One of the most beautiful places to visit in the UK that is off the beaten track is Lindisfarne Castle and Holy Island. It has beautiful views of the North Sea and is steeped in religious history. Grace Whitcombe, a good friend of mine, is visitor welcome assistant at Lindisfarne and has put together some interesting information about this attraction.
Lindisfarne Castle is a National Trust property that is situated on the Holy Island of Lindisfarne, just off the coast of Northumberland in North East England. The whole island has a very interesting history. It is known as ‘Holy Island’ because in 635 AD an Irish monk, Aidan, established a monastery there. Aidan had come from Ireland to the Scottish island of Iona, where there is still a famous abbey, and he was then summoned by Oswald, the King of Northumbria, to become the bishop of his kingdom. Today the United Kingdom (England, Scotland, Wales and Northern Ireland) is one group of neighbouring countries, but after the Roman Empire collapsed in the 400s AD, Britain was split up into many small kingdoms.
In about 670 AD, another monk called Cuthbert came to live at the monastery. He changed the way that the monks, and people in the local area, thought about Christianity in such a strong way that we now recognise him as a Saint. Sadly, the original monastery was attacked by Vikings and did not survive but a new Priory was built in about 1120 and, though it is ruined, it still stands in 2020, that’s 900 years! Many Christians complete the 62-mile-long walk from Melrose in the Scottish Borders to Holy Island every year, known as St. Cuthbert’s Way.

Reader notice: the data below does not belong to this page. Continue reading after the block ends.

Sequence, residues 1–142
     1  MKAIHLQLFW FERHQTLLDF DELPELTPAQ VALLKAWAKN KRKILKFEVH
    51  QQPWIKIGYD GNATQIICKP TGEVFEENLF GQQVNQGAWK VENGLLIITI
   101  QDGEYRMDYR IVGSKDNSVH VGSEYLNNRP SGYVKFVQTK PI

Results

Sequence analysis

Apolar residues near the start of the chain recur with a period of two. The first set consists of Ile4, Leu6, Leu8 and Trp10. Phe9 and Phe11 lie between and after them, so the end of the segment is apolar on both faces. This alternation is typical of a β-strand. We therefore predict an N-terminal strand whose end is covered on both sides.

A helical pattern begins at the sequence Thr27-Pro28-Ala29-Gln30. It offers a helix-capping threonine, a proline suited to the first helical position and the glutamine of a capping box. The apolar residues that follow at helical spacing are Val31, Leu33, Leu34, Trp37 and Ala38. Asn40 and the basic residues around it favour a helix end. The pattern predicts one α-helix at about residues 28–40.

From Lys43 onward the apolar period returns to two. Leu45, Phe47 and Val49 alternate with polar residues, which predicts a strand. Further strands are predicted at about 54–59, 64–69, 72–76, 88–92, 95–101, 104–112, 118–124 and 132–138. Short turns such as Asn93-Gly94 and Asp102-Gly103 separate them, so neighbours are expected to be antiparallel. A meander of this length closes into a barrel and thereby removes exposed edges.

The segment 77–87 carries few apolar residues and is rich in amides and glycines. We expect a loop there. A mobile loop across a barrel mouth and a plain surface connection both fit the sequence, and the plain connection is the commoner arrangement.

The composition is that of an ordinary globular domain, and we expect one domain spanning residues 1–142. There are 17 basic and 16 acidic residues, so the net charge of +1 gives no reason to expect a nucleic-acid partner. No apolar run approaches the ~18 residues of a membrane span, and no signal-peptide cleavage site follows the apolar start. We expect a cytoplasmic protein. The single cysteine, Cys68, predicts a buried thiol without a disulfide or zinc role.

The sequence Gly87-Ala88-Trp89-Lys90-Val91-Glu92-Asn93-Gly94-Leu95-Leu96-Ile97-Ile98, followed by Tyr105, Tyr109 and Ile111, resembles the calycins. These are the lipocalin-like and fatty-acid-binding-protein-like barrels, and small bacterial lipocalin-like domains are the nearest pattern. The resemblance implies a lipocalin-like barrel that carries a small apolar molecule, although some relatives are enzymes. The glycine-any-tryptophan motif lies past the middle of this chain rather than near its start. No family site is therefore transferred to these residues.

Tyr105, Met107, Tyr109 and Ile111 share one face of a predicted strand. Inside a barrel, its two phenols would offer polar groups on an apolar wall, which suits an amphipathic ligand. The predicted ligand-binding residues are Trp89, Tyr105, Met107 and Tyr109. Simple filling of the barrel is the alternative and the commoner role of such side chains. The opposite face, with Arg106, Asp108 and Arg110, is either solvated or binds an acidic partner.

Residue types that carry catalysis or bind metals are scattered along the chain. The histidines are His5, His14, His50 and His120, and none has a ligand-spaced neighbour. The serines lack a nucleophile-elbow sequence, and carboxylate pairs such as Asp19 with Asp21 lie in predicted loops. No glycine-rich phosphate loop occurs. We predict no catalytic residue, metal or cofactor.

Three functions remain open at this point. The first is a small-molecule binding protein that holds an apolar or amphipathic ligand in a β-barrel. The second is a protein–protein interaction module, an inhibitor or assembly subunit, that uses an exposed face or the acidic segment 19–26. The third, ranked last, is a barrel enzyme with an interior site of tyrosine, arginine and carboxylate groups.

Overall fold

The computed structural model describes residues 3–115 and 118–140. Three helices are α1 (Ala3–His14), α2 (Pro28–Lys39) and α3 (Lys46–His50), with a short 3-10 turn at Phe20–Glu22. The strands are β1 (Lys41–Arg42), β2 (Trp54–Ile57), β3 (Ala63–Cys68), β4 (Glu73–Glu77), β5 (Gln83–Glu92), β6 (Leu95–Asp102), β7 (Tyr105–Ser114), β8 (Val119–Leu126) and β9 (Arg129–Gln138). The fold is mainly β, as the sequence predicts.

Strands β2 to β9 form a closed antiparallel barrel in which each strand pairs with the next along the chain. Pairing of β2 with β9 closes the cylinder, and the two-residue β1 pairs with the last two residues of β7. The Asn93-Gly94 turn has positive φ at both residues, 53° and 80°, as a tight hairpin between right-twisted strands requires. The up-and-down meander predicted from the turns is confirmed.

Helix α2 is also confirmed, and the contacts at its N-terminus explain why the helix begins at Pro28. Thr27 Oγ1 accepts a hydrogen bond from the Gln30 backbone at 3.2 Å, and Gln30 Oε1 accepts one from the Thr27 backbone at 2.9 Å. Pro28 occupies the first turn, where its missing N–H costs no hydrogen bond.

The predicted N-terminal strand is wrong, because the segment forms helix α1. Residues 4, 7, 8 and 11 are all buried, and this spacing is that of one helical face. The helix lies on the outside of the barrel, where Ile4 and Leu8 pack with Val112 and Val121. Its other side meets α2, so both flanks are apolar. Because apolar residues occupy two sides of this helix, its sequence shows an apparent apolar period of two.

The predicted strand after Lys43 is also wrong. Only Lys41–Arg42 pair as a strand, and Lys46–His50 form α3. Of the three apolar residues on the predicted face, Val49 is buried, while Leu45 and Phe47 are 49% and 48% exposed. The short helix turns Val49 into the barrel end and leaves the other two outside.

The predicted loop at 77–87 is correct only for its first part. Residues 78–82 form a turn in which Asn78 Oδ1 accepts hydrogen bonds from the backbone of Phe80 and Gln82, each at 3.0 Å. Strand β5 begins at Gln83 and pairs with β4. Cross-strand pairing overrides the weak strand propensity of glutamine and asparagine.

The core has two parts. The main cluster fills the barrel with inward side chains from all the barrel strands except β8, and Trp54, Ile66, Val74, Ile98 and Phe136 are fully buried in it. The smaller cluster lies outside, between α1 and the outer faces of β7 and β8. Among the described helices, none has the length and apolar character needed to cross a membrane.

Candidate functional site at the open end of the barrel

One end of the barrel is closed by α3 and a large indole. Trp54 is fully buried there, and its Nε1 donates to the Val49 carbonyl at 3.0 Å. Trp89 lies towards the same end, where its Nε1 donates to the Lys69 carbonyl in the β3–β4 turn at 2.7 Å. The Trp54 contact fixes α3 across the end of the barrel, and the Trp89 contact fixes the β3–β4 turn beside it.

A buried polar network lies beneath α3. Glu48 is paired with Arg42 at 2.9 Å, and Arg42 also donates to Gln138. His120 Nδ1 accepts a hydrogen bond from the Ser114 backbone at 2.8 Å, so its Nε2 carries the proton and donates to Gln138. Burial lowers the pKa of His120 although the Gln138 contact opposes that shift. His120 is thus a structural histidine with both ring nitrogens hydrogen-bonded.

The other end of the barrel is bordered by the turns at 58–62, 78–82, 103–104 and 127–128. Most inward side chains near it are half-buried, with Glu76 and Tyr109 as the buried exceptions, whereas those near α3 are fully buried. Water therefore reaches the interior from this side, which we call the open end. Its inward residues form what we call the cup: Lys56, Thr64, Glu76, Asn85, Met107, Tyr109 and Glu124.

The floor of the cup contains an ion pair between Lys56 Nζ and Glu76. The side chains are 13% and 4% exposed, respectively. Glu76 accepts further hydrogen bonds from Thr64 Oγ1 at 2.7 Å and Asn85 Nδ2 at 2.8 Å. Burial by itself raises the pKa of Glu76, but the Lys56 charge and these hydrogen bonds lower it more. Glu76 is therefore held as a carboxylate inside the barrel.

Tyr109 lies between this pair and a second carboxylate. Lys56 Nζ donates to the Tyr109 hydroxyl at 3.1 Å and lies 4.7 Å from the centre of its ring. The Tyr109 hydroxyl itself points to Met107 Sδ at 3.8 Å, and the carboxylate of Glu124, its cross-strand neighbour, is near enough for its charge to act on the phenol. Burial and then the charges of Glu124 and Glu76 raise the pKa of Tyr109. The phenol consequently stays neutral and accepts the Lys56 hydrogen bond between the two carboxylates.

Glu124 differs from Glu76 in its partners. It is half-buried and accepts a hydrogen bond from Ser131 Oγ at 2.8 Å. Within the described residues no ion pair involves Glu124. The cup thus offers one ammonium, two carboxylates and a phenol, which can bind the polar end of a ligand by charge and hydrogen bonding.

This involves crossing the Holy Island Causeway, which is a road that runs from the mainland to the island, and, due to the tides, it is completely covered by water twice a day. People have to be very careful when travelling there in case they get stuck in the sea!
There is one other famous, historical building on Holy Island and that is Lindisfarne Castle. ‘A castle that is not a castle, on an island that is not an island’; this is our motto. Since the island is only cut off when the causeway is covered, Lindisfarne is only a part-time island and, though Northumberland does have many castles, this is not one of them I’m afraid. Lindisfarne Castle was built in about 1570 by Queen Elizabeth I, the daughter of Henry VIII, however it was actually used as a military fort to protect the Northumberland Coast from Scottish invasion. Scotland and England now have a fairly good relationship, but they haven’t always been great friends, in fact, Jacobite soldiers did capture the fort in 1715, though only for one night. The fort was in operation until 1892 when it was decommissioned, then in 1901 a man called Edward Hudson discovered the abandoned building and liked it so much that he bought it and turned it into his summer holiday home. Hudson decided that, to impress his visitors, the fort should be made to look more like a traditional castle, and he hired a well-known architect, Edwin Lutyens, to help him. They built lots of fancy furniture, added fireplaces, pretty bedrooms and even a portcullis, a metal grate that protected the entrance, because, of course, every castle must have one! Nobody lives in the castle anymore, but people often say that it would make a lovely home.
Visitor Welcome Assistant
*The material and information provided in this post is for general information purposes only.